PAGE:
Did you know that snoring is the most common warning sign of obstructive sleep apnea (OSA)?
Sometimes snoring is a simple annoyance, nothing more than a consequence of having a deviated septum, enlarged tonsils or another anatomical issue in the nose or throat. Snoring can also be related to aging, respiratory illness, excess weight or having a nightcap before bed.
In many cases, however, snoring points to obstructive sleep apnea, a serious and potentially life-threatening disorder.
Risks of Untreated Sleep Apnea
OSA sufferers experience breathing interruptions during sleep due to a narrowing or blockage of their airway. The repeated stops and starts decrease the amount of oxygen in the blood, which puts the body under stress and causes the heart to work harder.
Untreated sleep apnea increases the risk of several dangerous health problems, including:
- High blood pressure
- Irregular heartbeat
- Heart disease
- Heart attack
- Type 2 diabetes
In addition, OSA can lead to problems with concentration, which can negatively affect your work performance and increase the risk of workplace accidents. This sleep disorder creates a danger on the roads, too, as drivers with untreated OSA are at risk of falling asleep at the wheel.
Other Warning Signs of Sleep Apnea
Loud, habitual snoring is just one of the warning signs of OSA. Other common symptoms include:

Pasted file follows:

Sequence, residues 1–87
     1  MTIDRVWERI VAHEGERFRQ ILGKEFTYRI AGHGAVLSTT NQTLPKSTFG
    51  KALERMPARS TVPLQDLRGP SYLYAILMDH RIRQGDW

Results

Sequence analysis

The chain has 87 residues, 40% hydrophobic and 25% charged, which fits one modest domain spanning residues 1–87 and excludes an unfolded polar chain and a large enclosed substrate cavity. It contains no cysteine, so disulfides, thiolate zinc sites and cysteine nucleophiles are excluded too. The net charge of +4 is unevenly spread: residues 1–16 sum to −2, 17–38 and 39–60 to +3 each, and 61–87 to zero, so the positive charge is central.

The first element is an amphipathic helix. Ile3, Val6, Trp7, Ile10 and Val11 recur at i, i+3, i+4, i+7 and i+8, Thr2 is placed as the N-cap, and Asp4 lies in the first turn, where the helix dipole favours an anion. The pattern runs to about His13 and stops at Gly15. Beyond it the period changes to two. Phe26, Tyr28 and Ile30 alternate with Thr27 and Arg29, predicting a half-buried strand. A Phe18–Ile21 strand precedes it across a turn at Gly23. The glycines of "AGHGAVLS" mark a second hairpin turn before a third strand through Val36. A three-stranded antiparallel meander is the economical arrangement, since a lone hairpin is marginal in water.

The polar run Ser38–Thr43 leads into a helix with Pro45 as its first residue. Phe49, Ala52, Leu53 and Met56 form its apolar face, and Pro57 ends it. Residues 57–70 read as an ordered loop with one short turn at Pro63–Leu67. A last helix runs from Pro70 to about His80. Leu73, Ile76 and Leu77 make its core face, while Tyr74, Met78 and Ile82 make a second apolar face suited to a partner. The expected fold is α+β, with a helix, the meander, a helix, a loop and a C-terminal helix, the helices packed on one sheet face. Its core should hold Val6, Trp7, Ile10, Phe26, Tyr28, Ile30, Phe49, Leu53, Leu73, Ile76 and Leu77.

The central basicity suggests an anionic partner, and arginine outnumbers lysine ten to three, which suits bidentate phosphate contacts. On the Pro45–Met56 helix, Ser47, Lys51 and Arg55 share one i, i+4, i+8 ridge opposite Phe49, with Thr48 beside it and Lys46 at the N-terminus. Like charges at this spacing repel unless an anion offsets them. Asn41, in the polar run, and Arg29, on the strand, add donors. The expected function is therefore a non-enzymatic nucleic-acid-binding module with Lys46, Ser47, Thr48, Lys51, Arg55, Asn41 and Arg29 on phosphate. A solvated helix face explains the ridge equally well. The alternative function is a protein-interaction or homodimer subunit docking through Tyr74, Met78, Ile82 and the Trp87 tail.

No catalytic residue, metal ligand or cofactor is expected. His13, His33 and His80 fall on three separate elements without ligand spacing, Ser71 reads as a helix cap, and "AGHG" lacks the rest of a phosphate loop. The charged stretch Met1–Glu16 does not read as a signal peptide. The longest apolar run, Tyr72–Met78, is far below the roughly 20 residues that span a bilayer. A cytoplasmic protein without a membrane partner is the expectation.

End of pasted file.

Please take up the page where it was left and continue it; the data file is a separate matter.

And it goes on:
- Choking or gasping sounds during sleep
- Frequent nighttime trips to the bathroom
- Waking with a dry mouth or sore throat
- Morning headaches
- Excessive daytime sleepiness
- Moodiness or irritability
- Memory loss
- Decreased sexual desire
If you suffer from one or more of these OSA symptoms, contact an experienced oral surgeon for a professional evaluation as soon as possible.
Sleep Apnea Treatment Options
The best treatment for OSA varies from patient to patient. Strategies used to successfully treat this sleep disorder include:
Losing weight, avoiding alcohol before bedtime and sleeping on your side — instead of your stomach or back — can benefit some OSA patients.
Positive airway pressure therapy
OSA treatment often involves the use of a continuous positive airway pressure (CPAP) machine. With proper use, the machine prevents the airway from collapsing during sleep.
Oral appliance therapy
In some cases, wearing an oral or dental appliance is an effective OSA treatment. The device repositions and stabilizes the lower jaw and tongue to keep the airway open.
Oral surgery to permanently enlarge the airway can put an end to the sleep disorder, eliminating the need for a CPAP machine or dental appliance. Oral surgeons tailor treatment to the area of obstruction, and surgery may involve any of the structures in the nose, mouth, throat and jaw.
If you suspect you suffer from sleep apnea, schedule a professional evaluation with an oral surgeon who has experience treating this sleep disorder. In the greater Salt Lake City area, turn to Oral & Maxillofacial Surgery of Utah.
With three convenient northern Utah offices in Cottonwood Heights, South Jordan and Tooele, making an appointment at Oral & Maxillofacial Surgery of Utah couldn’t be easier. Contact us today to schedule a professional evaluation for obstructive sleep apnea.